It should be noted that Abengoa’s demise was not a shock to everyone. Various sources have been sounding the warning sirens for years.

  • A 2009 Government Accountability Office (GAO) report warned of multiple challenges to RFS’s increasing volumes of biofuels, particularly cellulosic.
  • November 2011: Senator Jeff Sessions of the Senate Budget Committee specifically requested all documents relating to Abengoa and other solar companies from the Department of Interior (DOI).
  • 2012 GAO letter to The Honorable Dianne Feinstein, and House & Senate members of the Subcommittee on Energy and Water Development, Committee on Appropriations stating it was the sixth time GAO had reported its concerns about (DOE) loan guarantees for biofuels.
  • March 2012 GAO report to Congress restating concerns about the lack of adequate review and oversight by DOE and its $30 billion loan program, detailing Abengoa as the recipient of $1.2 billion.
  • March 2012: U.S. House Oversight Committee report specifically finds loans and resources granted to Abengoa, created excessive risk. The report reveals that “Abengoa managed to obtain a DOE loan commitment for the lowest rated project across the entire DOE Junk portfolio — which received an extraordinarily low CCC rating and was still approved by DOE for a direct loan to the project. This overinvestment in this single firm will likely cause substantial harm to the taxpayer.”
  • May 29, 2012: Letter from the U.S. House Oversight Committee threatened the Department of Interior (DOI) with “compulsory action” if they failed to release requested documents related to Abengoa and other solar companies. The Committee stated appearance of preferential treatment in taxpayer-funded loan guarantees.
  • April 30, 2013: Office of Inspector General (OIG) reported Abengoa of received $2 million dollars through The American Recovery and Reinvestment Act of 2009 (Recovery Act) for a project completed before the passing of the law.
  • May 1, 2014: GAO warned a significant threat to taxpayers in the DOE biofuels loan programs due to poor oversight and deviation from monitoring and qualifying procedures that, “pose an unacceptable risk of default.”

Highlighted above are but a few examples of serious problems with the government’s renewable fuels program. So, as presented, critics are not opposed to the concept of green energy but see the RFS as a seriously flawed mechanism to that end. The wasting of billions of dollars on infrastructure for a product that is not market ready could be better served funding advancing research projects in laboratories. The simple concept of putting the cart before the horse comes to mind. It is not Capitalism when the Federal government, through sheer financial force develops unsustainable, artificial industries.

Even Abengoa knew the Kansas plant would not be self-sustainable. In a 2014 report to DOE, the company presented their risk mitigation plan. The list included a push for the development of “energy crops”, continued dependence on the RFS to maintain a premium for ethanol, and to encourage the USDA to allow farmers to produce cellulosic biofuel crops on Conservation Reserve Program (CRP) lands.

The Abengoa plan does not reflect the goal of eventual self-sufficiency, but instead, details what others may contribute to help restructure market fundamentals to suit Abengoa’s projected goals. That is not capitalism. We have limited lands for food production, and the thought of more farmland to biofuel production is alarming. Also, the move would defeat one of the RFS stated goals of developing renewable energy by utilizing material currently identified as low valued waste or by-products.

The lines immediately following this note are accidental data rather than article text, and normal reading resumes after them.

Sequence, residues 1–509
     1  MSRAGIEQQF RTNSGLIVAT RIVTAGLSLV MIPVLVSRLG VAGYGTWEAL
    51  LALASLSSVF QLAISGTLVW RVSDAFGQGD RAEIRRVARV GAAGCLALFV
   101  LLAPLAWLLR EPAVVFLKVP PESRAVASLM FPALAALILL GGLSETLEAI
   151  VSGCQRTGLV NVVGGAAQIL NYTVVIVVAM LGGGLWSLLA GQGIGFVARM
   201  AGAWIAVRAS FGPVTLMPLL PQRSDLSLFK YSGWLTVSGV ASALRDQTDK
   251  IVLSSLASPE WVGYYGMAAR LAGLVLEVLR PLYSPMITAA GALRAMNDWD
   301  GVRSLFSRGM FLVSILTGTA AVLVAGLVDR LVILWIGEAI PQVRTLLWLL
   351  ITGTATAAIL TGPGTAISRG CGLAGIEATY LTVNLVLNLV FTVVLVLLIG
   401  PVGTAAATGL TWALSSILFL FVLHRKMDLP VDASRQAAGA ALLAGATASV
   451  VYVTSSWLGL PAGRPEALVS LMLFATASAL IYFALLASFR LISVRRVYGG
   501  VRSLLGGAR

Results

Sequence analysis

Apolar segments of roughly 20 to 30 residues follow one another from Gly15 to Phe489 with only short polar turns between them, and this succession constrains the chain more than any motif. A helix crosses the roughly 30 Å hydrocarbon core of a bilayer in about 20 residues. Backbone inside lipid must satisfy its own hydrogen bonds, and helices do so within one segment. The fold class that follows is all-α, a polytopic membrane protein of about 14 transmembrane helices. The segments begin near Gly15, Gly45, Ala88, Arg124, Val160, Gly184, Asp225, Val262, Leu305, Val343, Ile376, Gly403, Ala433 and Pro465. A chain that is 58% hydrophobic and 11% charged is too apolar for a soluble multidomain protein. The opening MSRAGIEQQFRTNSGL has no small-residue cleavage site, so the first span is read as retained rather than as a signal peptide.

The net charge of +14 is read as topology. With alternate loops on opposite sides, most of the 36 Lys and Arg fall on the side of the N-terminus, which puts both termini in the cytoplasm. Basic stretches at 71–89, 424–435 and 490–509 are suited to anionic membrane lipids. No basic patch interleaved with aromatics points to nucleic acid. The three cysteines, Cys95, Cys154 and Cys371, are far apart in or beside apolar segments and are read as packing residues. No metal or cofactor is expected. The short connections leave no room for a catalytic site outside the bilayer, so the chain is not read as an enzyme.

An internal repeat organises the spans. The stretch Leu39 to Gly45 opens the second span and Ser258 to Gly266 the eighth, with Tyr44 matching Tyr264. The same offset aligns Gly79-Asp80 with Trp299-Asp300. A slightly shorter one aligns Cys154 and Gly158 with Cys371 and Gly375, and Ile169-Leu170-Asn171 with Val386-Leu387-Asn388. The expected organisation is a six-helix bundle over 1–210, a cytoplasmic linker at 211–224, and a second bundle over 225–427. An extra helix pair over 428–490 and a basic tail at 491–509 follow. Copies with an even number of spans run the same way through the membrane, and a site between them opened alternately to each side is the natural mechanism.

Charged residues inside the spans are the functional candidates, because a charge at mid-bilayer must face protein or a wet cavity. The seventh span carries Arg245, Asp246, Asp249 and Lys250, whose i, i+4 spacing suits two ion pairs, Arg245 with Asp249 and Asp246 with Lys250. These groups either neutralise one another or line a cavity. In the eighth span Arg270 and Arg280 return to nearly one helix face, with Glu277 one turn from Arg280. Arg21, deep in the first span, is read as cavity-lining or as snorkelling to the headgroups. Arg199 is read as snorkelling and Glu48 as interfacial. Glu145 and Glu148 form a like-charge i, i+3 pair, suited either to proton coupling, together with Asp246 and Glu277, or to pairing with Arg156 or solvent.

To be clear, green-energy, as in renewable, eco-friendly, sustainable, and affordable, is a national security and humanitarian issue. There is little debate about the need to pursue that end. But, the government mandates and financial handouts created extremely provocative incentives to abuse the U.S. taxpayers. Through big dollar, experimental programs that ignore market impact and economic viability, coupled with extremely lax oversight, the term “green-energy” takes on a different meaning.

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Broad Perspective: I Ain’t Buying It


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Let’s see here.  The recently arrived “bride” is the one that is being held up as the real radical, anti-American terrorist. The “groom” was just a quiet introvert with no friends, until recently no woman, and often picked on by his co-workers.
Do you see what’s happening here? Clearly the narrative is being well spun.
We are being told that the person who has no family in this country was the real instigator, and she influenced this poor, simple man.
Think about this. If we believe it was HER, then it will be easier for us to believe the threat was neutralized with her death.
Why does it matter? Because, the man has family here. He attended the local mosque every day. He was well engrained in the large, wealthy, educated, and politically active muslim community.
If we believe him to be radicalized, then we have to assume his family and friends are a continuing threat. They are!
There is no way these two pulled together that weapons cache without local assistance.
What is happening is a social influence tactical maneuver called, “framing.” And I’m going to go ahead and call BULL CRAP.


Lying to an infidel to advance Islam is an integral part of the ideology and promoted in the Quran.